|Jesse Parker was a 17 year old avid runner, participating in track and cross country at Tomah High School. He loved to run and he loved life. Our community mourns his tragic death in an auto accident while on a family vacation on July 4, 2009. Those who knew Jesse recall a kind, thoughtful kid with an easy smile, blonde hair he would toss often, and a prankster who loved to make others laugh. They also remember his deep hope to make a difference. He was always looking out for the underdog.
Jesse loved life completely and he lived it intensely. When he ran, he was seldom the fastest, but always the sweatiest. When he played his drums he may not have always been in beat, but played with his whole heart. When he was in a group, he was seldom the center of attention, yet his smile would light up the room.
Jesse is the beloved son of Brad & Jen Parker. As parents, they had hoped to share many lessons with their son, but in the end their son taught them the most important lessons. So many people have shared simple and profound stories of the ways Jesse touched their lives with his compassion and kindness. Jesse loved being big brother to Bria and Jacob who remember a sweet, protective brother who loved to play games and make them laugh. His death occurred while returning from a family beach vacation. That last morning, Jesse started the day with a run along the beach, a final moment of reflection and peace.
During his life Jesse impacted many through his compassion, support for social causes, and protection of those in need. Jesse believed we had an obligation to inspire hope in each other. He planned a life of service as an engineer, providing clean water through the Peace Corps. He imagined a world where each of us gave our best to those in need. A fellow student, who was struggling and being bullied, posted on Jesse’s Facebook wall, “Jesse, you will be missed. You were the one person who was always nice to me.”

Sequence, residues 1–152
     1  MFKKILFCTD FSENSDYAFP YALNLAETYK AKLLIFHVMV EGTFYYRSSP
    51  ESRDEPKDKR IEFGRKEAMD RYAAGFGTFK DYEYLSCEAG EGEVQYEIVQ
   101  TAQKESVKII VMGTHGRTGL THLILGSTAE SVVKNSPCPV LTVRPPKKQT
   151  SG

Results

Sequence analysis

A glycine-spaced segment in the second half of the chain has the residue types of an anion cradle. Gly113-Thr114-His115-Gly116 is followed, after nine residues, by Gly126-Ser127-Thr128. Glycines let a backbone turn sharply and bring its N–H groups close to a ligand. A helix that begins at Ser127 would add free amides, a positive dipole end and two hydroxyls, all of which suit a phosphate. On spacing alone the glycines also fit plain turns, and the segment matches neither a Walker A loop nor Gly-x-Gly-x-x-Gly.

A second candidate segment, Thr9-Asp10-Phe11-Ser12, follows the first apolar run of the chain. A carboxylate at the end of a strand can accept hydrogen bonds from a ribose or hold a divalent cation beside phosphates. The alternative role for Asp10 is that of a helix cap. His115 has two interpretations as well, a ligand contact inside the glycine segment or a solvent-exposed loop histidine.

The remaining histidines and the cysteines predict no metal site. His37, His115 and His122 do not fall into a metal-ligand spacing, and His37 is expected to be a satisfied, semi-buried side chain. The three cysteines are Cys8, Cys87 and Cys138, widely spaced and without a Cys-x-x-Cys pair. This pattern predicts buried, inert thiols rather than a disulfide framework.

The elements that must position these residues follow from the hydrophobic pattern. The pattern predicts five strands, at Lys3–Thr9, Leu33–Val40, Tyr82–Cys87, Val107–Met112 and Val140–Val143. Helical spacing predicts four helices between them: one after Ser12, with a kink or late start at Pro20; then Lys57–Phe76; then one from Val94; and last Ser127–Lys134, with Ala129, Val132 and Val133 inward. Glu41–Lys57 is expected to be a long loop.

Over the past years as people have shared how Jesse touched their lives, one theme has stood out; despite his talents, Jesse is not remembered for his accomplishments, for you see he was never the first to cross the finish line, but he was always the last to leave. He waited to cheer on each of his teammates and encourage their success. Jesse excelled at being a full human being and he believed in the goodness of all.
Jesse was a dreamer, in the best sense of the word. He believed we are capable of giving our bests to others with no expectations except the knowledge that giving is life’s true joy. We are thankful there are others who share in Jesse’s vision and carry forward his light. Today, through your efforts, his dreams live on. We have all shared in this goodness. Just as all good runners know, the challenge is not to be better than others, it is to be better than yourself.
Thanks Jesse for leading the way.